Tau Proteins in Alzheimer's DiseaseMonomeric tau proteins are abundant in neurons, where they play important roles in stabilizing microtubules. Similar to amyloid protein, tau proteins can multimerize to form higher order tau variants, including oligomeric species and the neurofibrillary tangles (NFTs) seen in AD brains.
Like amyloid beta plaques, aggregates of tau within NFTs have been implicated in pathological events contributing to AD-associated neuronal loss.
Despite their hallmark association with AD, recent investigations have cast some doubt on NFTs as a major toxic protein species contributing to AD progression. Indeed, some investigators argue that tangle formation is compensatory, leading to the sequestration of other, more toxic, tau species into relatively inert NFTs. Under this hypothesis, tau oligomers, an intermediate between monomeric tau and the aggregated tau in NFTs, are believed to be the toxic contributor to AD.
Pathologic Tau Oligomers in ADIn a 2012 investigation, a team of scientists, lead by Dr. Rakez Kayed of the University of Texas Medical Branch, characterized the role of tau oligomers in the natural history of NFTs. Using a novel tau oligomer-specific antibody, they found that tau oligomers in human AD brain samples were 4-fold higher than in control samples, linking AD in human subjects to oligomeric tau accumulation.
Within the same year, Dr. Kayed and colleagues published evidence for pathologic roles of tau oligomers in AD. Using their oligomer-specific antibody, the team of scientists isolated tau oligomers from AD brains, and then introduced the oligomers into the brains of wild-type C57BL/6 mice. Remarkably, the patient-derived oligomers were able to interact with mouse endogenous tau to propagate abnormal tau conformations and disrupt memory and synaptic activity in the mice.
Based on these and other findings, Dr. Kayed's team hypothesized that AD immunotherapy targeting oligomeric tau species might prove superior to NFT-targeted therapies. Indeed, because monomeric tau has a functional role in the central nervous system, specifically targeting tau oligomers might avoid side-effects associated with other, less specific, therapies.
Targeting Tau Oligomers in the Tau P301L Alzheimer's Disease Mouse ModelIn their 2014 report, Dr. Kayed's team described the development of a tau oligomer-specific monoclonal antibody (TOMA) and its effects in tau P301L mice harboring a transgene that expresses a mutant variant of the human tau protein. These mice develop cognitive impairment and NFTs as early as 4.5 months of age, and display neuronal loss and gliosis by about 10 months of age.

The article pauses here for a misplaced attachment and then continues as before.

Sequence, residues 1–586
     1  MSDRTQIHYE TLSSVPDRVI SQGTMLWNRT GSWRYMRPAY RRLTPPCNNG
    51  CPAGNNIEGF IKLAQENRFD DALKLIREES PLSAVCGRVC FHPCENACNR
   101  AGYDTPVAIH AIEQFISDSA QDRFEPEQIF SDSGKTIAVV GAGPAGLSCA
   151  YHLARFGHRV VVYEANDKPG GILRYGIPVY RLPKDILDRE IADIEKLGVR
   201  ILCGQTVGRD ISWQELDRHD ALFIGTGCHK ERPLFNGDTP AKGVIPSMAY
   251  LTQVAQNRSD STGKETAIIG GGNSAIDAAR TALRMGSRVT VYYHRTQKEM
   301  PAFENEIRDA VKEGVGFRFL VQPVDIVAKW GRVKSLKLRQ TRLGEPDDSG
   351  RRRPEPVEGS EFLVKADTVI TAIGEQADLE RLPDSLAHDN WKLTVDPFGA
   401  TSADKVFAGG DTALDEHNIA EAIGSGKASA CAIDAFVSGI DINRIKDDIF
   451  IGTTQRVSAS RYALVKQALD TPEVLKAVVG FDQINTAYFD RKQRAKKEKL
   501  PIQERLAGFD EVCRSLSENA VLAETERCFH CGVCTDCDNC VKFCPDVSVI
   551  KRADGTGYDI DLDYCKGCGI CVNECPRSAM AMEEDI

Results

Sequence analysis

When 8-month-old P301L mice received a single intracerebroventricular TOMA injection, tau oligomers were almost completely eliminated from the brains of the mice, while monomeric tau remained unchanged. Furthermore, the single injection was sufficient to completely rescue diminished performance by P301L mice in the rotarod performance test.
These data provided strong supporting rationale for targeting oligomeric tau as an AD therapy.
Immunotherapies Penetrate the Blood-Brain Barrier in Tau P301L MiceBlood brain barrier (BBB) dysfunction has been observed in AD patients and reproduced in the transgenic APPSWE/tg2576 (APPSWE) AD model. Permeability of the BBB to antibodies has been exploited in pre-clinical and clinical AD studies, and BBB permeability in tau P301L mice, like in APPSWE mice, would provide a useful tool for tau immunotherapy development.
Despite no previous record of BBB dysfunction in their Tau AD model, Dr. Kayed's team investigated the ability of a labeled form of TOMA to cross the BBB in the P301L mice. Following tail-vein injection of the labeled version of TOMA, whole animal and brain section imaging was performed.
The labeled TOMA localized to the brains of P301L mice, providing the first evidence linking tau oligomers to BBB dysfunction, independent of amyloid-beta, and revealing novel utility of the P301L model for immunotherapy investigations.
Tau in a Model Without TauThe APPSWE model is one of the most historically used AD mouse models, but it is not thought of as a model displaying tau pathology. This model expresses a transgene encoding amyloid precursor protein with a Swedish mutation associated with AD onset. APPSWE mice develop AD-like phenotypes over a predictable time-frame, including amyloid plaque deposition and memory deficits, but do not develop tau tangles.
Despite the absence of NFTs in the APPSWE model, Dr. Kayed's team hypothesized that mouse tau oligomers might still accumulate, contributing to the disease phenotypes in APPSWE mice. Indeed, in their 2015 study, Dr. Kayed's team reported finding age-related accumulation of tau oligomers in the brains of APPSWE mice. When the scientist treated 14-month old APPSWE mice with TOMA injections, the accumulation of tau oligomers was reversed and the mice displayed significantly improved performance in novel object recognition and fear conditioning tasks. These observations implicate tau oligomers in the progression AD-related phenotypes within a model thought to not display tau-related pathology.